This month has been hard.
When I go through a hard time in life, I make up stories in my head. I’m not talking about fairy tales, though I might as well be. Rather than pumpkins turning into carriages or a hideous beast discovering true love, I think about how the hard times are going to end. I try to intellectualize it, tell myself that nothing is permanent. It’s hard to believe that in the moment, though, so I try to visualize it.
I think about myself coming out of the other side. About commiserating with friends. About laughing at myself in retrospect, thinking how silly I was for thinking that things would never change for the better. In these visions, I’ve accomplished all I’ve ever dreamed. In some of them, the Mariners have made the playoffs.
Maybe these are fairy tales.
I’ve tried to do all of those things this month: intellectualize, fantasize, compartmentalize. Intellectually, we’ve all known for weeks that the Mariners have been a functional shoe-in for the playoffs. Emotionally, it certainly hasn’t felt that way. Loss after loss has piled up. Though the playoff odds haven’t moved much, it’s been hard not to get frustrated.
This isn’t the way it was supposed to be.
How many iterations of If it all goes right have we read over the years? The fairy tale we’ve made up for ourselves doesn’t end with a whimper, but a bang. The Mariners aren’t supposed to back into the playoffs, buoyed by a couple of hot streaks before ultimately making it on inertia. The Mariners are supposed to be propelled by heroism, by a knight in shining armor. It’s supposed to be classically climactic: defined by a perfect moment.
For the last month, it hasn’t felt like that. It’s been a month defined by frustration, by fear, by unease and dysphoria. All I’ve ever wanted is for the Mariners to make the playoffs, and I knew it was going to happen, but I didn’t feel anything besides a funny feeling that was hard to define. A lot of tonight was dominated by that funny feeling. T-Mobile Park was completely sold out tonight. I wanted to be excited, but I was mostly just scared that everyone would go home disappointed.
The funny feeling started with the first batter of the first inning. Tony Kemp lined a single into center field, and it bubbled up inside my stomach. I desperately wanted to ignore it. I wanted to be a good fan. I wanted to be optimistic. I wanted to believe.
I wanted to believe, but for some reason I couldn’t. I saw that first hit, and I remembered that Logan Gilbert’s hard hit rate is in the 5th percentile. Unbidden, flashes of Athletics dingers and of fans let down by the ultimate anticlimax flashed before my eyes.
Though Logan got out of the inning unscathed, the next few innings served only to exacerbate the feeling. A leadoff Dylan Moore single was followed by a stolen base and a Ty France RBI double, yes. But then Eugenio Suárez struck out. So did Mitch Haniger. Carlos Santana grounded out to end the inning, and despite the run, the inning ended up feeling like another missed opportunity in a month that’s been chock full of them.
The second inning saw someone named “Shea Langeliers” crush a dinger off of Logan to tie the game. The pit in my chest dropped, ultimately coming to rest around where I imagine my small intestine to be. The game was still tied, yes. But it felt much worse than that.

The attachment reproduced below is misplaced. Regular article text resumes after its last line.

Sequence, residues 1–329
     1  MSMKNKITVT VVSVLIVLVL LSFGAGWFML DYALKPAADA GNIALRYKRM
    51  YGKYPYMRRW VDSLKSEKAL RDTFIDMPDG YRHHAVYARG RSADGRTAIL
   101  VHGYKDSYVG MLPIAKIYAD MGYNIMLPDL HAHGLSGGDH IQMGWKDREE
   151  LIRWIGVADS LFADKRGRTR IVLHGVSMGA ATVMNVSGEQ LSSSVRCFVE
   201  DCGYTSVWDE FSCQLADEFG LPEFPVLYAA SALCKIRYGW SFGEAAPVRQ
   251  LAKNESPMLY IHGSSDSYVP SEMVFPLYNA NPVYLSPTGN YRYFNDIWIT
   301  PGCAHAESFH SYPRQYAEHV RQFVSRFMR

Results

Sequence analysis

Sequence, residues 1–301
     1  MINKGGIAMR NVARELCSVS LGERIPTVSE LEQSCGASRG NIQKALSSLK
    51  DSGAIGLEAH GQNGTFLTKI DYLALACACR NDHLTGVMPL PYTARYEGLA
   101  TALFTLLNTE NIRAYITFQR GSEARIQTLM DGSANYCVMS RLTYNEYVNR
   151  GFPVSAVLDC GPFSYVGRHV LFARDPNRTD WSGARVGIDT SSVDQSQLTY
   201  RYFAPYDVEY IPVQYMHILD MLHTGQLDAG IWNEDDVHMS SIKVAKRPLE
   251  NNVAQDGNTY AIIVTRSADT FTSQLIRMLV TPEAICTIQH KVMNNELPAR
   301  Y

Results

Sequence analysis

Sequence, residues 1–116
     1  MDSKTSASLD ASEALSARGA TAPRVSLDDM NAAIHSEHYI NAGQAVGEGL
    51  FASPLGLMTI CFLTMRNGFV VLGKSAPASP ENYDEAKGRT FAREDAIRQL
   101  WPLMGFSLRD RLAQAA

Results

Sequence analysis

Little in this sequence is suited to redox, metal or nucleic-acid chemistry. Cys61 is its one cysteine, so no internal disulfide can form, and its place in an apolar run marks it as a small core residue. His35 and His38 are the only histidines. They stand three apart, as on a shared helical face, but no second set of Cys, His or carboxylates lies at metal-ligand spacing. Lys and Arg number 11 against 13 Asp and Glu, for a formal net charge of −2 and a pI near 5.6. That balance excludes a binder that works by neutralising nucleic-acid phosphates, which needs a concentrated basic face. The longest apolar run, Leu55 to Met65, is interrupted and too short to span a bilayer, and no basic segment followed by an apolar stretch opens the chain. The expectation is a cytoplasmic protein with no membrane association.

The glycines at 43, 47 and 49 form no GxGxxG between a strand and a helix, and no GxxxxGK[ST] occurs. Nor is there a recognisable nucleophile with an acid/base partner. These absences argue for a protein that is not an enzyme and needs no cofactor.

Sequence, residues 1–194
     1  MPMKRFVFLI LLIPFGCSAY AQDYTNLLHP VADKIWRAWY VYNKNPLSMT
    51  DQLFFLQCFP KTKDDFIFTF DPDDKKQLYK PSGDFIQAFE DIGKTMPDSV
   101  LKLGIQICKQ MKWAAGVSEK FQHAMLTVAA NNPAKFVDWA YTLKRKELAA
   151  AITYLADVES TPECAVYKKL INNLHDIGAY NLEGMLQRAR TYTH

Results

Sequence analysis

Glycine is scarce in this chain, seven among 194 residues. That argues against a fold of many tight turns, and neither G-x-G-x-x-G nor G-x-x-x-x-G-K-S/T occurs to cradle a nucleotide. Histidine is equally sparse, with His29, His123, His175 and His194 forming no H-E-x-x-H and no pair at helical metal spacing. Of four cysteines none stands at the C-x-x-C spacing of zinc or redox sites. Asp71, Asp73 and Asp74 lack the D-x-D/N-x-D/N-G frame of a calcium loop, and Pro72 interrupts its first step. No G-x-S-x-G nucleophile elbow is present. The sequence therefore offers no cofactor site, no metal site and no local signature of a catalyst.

Facing rookie southpaw Ken Waldichuk, the Mariners couldn’t do much of anything tonight. Waldichuk was a bit wild: he took about 20 pitches to get through each individual inning. When push came to shove, though, he missed bats. The second inning saw the M’s waste a leadoff walk by Luis Torrens. Carlos Santana was stranded on second base after a ground rule double in the fourth. A leadoff Sam Haggerty single in the fifth was negated by a double play.
Compounding the offensive frustration was the fact that Logan Gilbert was pitching the absolute game of his life against the Athletics. Besides Langeliers’ dinger, the A’s managed just six batted balls above 97 MPH. Only one of them dropped for a hit. Uncharacteristically, Logan struck out just four Athletics, but that he was pitching to contact seemed to work for him. Despite the low strikeout number, he still had some of his best stuff: he dialed it up to 98 MPH for this eighth inning strikeout of Langeliers.
When all was said and done, Logan made it through eight full innings for the first time in his young career. And still, the Mariners hadn’t scored since the first inning. Still, the game was tied at 1-1.
A grab bag of A’s relievers came and went: Austin Pruitt, A.J. Puk, Tyler Cyr. The Mariners didn’t manage a run against any of them.
45,000 fans grew restless. A lot of them were probably thinking the same thing: Really? Tonight of all nights? Can’t you just... do it?
My main gripe with the Mariners’ front office over the past few years has been their seeming propensity to play toward their 90th percentile outcome. Yes, most of the teams since Jerry Dipoto took over have been capable of making the playoffs. All of them, though, required many somethings to go right for it to happen. This player had to have a good year, and so did that one. And so did that one. It didn’t take much for the house of cards to fall down.
Every year, the house of cards fell down.
The thing about percentages, though, is that anything above 0% is a chance. Whether in baseball, in choosing to take a leap of faith for another person, or holding out hope for a miracle in the midst of a desperate illness, hope is something that cannot be extinguished until the end.